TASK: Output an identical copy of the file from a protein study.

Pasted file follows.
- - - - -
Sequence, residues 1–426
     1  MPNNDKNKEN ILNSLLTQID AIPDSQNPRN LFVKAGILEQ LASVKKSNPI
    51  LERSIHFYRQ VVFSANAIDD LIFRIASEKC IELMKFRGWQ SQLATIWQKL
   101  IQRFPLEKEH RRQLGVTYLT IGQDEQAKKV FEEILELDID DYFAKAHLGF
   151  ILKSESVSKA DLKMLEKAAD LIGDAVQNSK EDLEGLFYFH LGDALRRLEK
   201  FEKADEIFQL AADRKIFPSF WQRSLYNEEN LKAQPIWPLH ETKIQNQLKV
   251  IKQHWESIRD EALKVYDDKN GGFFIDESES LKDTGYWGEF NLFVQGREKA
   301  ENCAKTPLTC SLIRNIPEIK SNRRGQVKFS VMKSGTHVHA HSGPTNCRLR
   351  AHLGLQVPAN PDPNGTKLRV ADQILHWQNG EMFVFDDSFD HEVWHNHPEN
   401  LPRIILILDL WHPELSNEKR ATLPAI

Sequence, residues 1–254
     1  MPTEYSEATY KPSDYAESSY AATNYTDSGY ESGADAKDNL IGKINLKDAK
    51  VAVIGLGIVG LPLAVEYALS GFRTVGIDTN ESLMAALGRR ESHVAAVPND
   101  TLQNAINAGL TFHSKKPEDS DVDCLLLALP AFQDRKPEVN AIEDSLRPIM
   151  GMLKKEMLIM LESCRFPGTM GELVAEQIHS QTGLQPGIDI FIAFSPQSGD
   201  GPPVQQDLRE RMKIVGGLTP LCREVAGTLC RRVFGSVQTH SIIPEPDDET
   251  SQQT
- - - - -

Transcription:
Sequence, residues 1–426
     1  MPNNDKNKEN ILNSLLTQID AIPDSQNPRN LFVKAGILEQ LASVKKSNPI
    51  LERSIHFYRQ VVFSANAIDD LIFRIASEKC IELMKFRGWQ SQLATIWQKL
   101  IQRFPLEKEH RRQLGVTYLT IGQDEQAKKV FEEILELDID DYFAKAHLGF
   151  ILKSESVSKA DLKMLEKAAD LIGDAVQNSK EDLEGLFYFH LGDALRRLEK
   201  FEKADEIFQL AADRKIFPSF WQRSLYNEEN LKAQPIWPLH ETKIQNQLKV
   251  IKQHWESIRD EALKVYDDKN GGFFIDESES LKDTGYWGEF NLFVQGREKA
   301  ENCAKTPLTC SLIRNIPEIK SNRRGQVKFS VMKSGTHVHA HSGPTNCRLR
   351  AHLGLQVPAN PDPNGTKLRV ADQILHWQNG EMFVFDDSFD HEVWHNHPEN
   401  LPRIILILDL WHPELSNEKR ATLPAI

Sequence, residues 1–254
     1  MPTEYSEATY KPSDYAESSY AATNYTDSGY ESGADAKDNL IGKINLKDAK
    51  VAVIGLGIVG LPLAVEYALS GFRTVGIDTN ESLMAALGRR ESHVAAVPND
   101  TLQNAINAGL TFHSKKPEDS DVDCLLLALP AFQDRKPEVN AIEDSLRPIM
   151  GMLKKEMLIM LESCRFPGTM GELVAEQIHS QTGLQPGIDI FIAFSPQSGD
   201  GPPVQQDLRE RMKIVGGLTP LCREVAGTLC RRVFGSVQTH SIIPEPDDET
   251  SQQT